HC Deb 15 February 1881 vol 258 cc886-7

asked the Secretary of State for the Home Department, Whether his attention has been called to the case of a lad aged 15, deaf and dumb from birth, and reported as utterly incapable of receiving and imparting ideas, who, having been neglected and apparently encouraged in crime by his parents, was sentenced in 1877 to five years in a reformatory in order that he might be taken proper care of; whether the managers of the reformatory having refused to receive him, he is now the inmate of a convict prison, under instruction by a specially retained instructor from a deaf and dumb asylum; and, whether he is prepared to take into consideration the representations of the Directors of Convict Prisons as to the undesirability of his being retained in his present position?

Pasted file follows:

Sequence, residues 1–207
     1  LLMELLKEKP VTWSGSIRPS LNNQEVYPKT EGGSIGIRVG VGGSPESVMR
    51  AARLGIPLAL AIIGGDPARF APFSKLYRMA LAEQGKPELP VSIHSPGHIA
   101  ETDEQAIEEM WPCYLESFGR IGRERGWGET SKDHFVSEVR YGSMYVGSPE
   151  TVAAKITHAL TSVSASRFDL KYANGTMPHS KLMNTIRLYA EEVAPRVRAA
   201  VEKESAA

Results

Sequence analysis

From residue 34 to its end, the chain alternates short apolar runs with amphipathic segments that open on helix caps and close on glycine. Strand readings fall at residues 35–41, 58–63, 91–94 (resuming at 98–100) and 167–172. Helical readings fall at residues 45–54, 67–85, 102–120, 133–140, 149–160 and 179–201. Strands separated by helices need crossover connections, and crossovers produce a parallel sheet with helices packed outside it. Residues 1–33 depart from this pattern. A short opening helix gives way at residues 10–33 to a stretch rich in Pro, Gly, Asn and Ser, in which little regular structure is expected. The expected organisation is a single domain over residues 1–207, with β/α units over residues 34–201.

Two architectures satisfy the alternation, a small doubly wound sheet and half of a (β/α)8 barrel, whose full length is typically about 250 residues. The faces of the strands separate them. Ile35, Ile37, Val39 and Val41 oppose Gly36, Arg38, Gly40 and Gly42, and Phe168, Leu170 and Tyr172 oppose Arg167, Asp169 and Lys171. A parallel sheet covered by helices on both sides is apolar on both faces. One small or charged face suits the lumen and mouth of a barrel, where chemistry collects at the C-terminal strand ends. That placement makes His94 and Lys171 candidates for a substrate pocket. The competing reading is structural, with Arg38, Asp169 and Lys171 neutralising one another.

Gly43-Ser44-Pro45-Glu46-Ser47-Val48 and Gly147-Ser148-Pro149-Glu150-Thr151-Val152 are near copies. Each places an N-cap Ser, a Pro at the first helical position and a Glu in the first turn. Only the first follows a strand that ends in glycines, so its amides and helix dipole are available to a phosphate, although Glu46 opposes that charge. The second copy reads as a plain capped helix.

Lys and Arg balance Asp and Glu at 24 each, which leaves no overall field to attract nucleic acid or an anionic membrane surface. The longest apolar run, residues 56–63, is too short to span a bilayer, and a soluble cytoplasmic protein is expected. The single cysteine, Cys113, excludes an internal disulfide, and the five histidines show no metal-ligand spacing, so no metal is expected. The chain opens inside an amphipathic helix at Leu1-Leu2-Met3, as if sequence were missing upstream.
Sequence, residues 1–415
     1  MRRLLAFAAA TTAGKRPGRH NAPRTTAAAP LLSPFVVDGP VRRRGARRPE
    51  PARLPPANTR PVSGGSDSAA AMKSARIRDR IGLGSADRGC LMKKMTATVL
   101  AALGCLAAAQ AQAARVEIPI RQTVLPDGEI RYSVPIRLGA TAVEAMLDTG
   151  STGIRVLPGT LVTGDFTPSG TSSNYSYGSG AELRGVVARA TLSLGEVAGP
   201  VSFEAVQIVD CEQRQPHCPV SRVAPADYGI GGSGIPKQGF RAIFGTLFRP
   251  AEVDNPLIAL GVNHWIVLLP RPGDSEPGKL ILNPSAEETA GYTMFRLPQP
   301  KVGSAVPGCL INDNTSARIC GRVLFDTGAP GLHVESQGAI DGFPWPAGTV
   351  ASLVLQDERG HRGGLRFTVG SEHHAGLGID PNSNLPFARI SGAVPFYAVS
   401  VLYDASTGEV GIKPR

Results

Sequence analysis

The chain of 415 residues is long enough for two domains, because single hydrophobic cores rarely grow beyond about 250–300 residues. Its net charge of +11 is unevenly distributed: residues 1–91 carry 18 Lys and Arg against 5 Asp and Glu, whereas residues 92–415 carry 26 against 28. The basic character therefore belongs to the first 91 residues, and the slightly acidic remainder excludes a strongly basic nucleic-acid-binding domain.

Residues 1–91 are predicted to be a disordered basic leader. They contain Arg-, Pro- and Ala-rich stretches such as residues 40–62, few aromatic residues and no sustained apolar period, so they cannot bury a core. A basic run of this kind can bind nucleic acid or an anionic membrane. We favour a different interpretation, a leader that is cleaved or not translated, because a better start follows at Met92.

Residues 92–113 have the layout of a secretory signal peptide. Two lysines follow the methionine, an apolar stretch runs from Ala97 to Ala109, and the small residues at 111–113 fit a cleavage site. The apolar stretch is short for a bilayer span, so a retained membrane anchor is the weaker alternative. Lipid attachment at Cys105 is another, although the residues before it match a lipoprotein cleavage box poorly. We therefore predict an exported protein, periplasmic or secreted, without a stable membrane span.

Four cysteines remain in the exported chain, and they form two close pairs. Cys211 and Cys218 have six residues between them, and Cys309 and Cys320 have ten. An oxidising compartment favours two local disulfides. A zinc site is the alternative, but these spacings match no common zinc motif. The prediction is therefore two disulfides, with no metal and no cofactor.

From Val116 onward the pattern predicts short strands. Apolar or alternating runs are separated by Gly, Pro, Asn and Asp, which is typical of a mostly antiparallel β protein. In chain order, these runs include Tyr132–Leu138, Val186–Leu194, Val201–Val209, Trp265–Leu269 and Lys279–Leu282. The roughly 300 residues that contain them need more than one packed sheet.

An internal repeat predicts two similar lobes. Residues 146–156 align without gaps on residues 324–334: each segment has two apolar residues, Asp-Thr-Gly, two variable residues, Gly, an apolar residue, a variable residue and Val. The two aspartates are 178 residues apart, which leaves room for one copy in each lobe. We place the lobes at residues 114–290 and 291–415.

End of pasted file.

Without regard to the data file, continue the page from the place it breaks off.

Sir, I have inquired into this unfortunate case. Every attempt was made to find a suitable institution for this boy; but no institution would receive him. An instructor has been obtained for him from the Royal Association for the Aid of the Deaf and Dumb, and I have the following Report from the chaplain of the prison in which the boy is:— Since he has had the advantage of this instruction, the improvement in his habits, conduct, and character has been most marked. I think his educational progress has been fairly satisfactory; hut as yet he is only able to read very easy words. Under these circumstances, I am of opinion that his transfer to another prison would be most undesirable, unless means could be found to continue his instruction. I think that the best that could be done for the boy is now being done for him.